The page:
Burtt and Davis argue convincingly for Wilson's contribution to modern scientific ornithology and celebrate Wilson as the man who inspired John James Audubon...This book...give[s] us Wilson's wonderful illustrations--and a sense of the spirit of an extraordinary man whose curiosity reached far beyond the man-made world.-- (06/21/2013)
A Scottish emigré, Alexander Wilson (1766-1813) became the preeminent ornithologist of early America. His systematic approach to the study of birds and his nine-volume American Ornithology (1808-14) greatly influenced John James Audubon, in whose shadow Wilson has since remained...Burtt and Davis describe Wilson's mentoring by such prominent figures as Thomas Jefferson, Meriwether Lewis, William Bartram, and the Philadelphia family of artists, the Peales...The authors show that it is Wilson, rather than Audubon, who deserves the sobriquet of the father of American ornithology...This excellent work is highly recommended for birders and for readers who appreciate American art or natural history.-- (07/01/2013)
Alexander Wilson, the Scotsman who came to the United States in 1794, ...more than Audubon, deserves credit for having founded American ornithology, as biographers Edward Burtt and William Davis rightly insist.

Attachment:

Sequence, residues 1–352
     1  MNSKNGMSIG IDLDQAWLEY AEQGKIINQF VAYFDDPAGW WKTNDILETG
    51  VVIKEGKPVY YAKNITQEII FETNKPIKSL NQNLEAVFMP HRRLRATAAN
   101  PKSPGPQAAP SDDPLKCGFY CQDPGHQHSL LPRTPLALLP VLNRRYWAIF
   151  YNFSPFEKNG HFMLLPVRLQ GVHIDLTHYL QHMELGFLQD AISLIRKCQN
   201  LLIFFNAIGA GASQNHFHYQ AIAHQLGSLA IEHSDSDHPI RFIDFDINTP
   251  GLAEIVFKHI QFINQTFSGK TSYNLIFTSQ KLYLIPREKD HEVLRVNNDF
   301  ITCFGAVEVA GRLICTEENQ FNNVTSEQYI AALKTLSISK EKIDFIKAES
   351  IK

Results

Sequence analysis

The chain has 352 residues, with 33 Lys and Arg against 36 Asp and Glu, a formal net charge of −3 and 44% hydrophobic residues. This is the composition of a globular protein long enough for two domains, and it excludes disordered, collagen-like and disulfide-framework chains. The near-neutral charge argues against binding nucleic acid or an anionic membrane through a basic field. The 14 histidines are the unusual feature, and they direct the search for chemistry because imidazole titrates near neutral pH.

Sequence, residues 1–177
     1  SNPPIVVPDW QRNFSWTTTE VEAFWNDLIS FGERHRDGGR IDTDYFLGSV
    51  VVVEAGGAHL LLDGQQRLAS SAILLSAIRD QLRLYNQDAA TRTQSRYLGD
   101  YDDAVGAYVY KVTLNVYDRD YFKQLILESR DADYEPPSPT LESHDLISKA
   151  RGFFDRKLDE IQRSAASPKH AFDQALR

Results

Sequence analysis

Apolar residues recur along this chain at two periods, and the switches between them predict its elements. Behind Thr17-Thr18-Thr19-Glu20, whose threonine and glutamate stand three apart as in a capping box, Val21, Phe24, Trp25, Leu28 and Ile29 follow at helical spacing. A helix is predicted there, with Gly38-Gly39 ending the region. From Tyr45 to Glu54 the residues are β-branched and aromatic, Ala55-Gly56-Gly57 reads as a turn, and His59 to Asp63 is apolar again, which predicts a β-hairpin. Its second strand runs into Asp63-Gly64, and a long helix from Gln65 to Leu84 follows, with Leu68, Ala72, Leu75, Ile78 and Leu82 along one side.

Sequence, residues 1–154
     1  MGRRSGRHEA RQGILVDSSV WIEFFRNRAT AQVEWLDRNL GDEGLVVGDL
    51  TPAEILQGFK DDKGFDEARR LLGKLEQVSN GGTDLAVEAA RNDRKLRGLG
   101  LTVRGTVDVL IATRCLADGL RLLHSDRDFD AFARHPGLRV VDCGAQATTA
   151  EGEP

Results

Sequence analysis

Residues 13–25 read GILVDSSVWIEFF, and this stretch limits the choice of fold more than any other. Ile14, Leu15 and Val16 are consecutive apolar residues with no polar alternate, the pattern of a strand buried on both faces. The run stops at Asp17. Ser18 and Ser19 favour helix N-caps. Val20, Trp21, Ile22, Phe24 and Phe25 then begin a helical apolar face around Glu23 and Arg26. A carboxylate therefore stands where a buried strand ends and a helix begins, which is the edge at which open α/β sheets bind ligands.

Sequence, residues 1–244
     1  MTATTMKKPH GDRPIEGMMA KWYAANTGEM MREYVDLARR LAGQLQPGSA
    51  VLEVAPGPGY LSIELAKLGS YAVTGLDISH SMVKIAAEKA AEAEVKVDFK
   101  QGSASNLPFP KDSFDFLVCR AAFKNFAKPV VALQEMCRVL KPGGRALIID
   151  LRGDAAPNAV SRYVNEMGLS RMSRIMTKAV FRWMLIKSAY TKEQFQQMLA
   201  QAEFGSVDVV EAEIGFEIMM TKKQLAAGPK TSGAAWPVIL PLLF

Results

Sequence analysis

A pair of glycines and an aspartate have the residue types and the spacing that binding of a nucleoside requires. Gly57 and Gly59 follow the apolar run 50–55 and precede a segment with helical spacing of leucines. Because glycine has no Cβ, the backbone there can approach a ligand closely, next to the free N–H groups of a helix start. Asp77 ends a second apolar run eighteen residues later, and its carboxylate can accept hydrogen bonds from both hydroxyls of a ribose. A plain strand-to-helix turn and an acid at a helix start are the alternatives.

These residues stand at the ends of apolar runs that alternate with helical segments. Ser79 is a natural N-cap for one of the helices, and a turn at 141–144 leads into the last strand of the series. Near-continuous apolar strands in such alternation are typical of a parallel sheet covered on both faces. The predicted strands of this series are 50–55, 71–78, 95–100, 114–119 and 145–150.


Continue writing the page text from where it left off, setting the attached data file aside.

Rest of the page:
[Burtt and Davis] are in no doubt that their man is the one to deserve the title of 'Father' [of American ornithology]...And it is a strong case, convincingly made...This will be a very valuable resource for scholars, and the drawings themselves are attractive and persuasive evidence for the authors' claims about Wilson's originality and importance. The authors and publishers have done full justice to these illustrations in this handsome volume and they are beautifully laid out and reproduced.-- (07/25/2013)
Burtt and Davis include brief essays on the ornithologists whom Wilson read or corresponded with, providing a valuable overview of the burgeoning natural sciences of the early nineteenth century...They establish Wilson's stature as a bird illustrator, and their handsome volume reproduces them beautifully...Burtt and Davis successfully make clear Wilson's importance in establishing American ornithology on two firm pillars: international Linnaean binomial nomenclature and close observation of living birds as well as specimens...Wilson's position as the founder of American ornithology was won with intense struggle from inauspicious beginnings, and it seems secure.
The book includes many letters to and from U.S. naturalists and dozens of beautifully reproduced and previously unpublished line drawings and paintings of birds that contributed to Wilson's greatest tangible achievement, the encyclopedic nine-volume American Ornithology. Unlike most of his contemporaries, such as Audubon, Wilson argued for the need for field observation to truly understand and illustrate the character of wild creatures, and he traveled thousands of miles across a wild continent to accomplish this. This book is full of delightful anecdotes and excellent detailed drawings; it will do much to elevate the reputation of Wilson among those with an interest in birds, illustration, and history.-- (02/01/2014)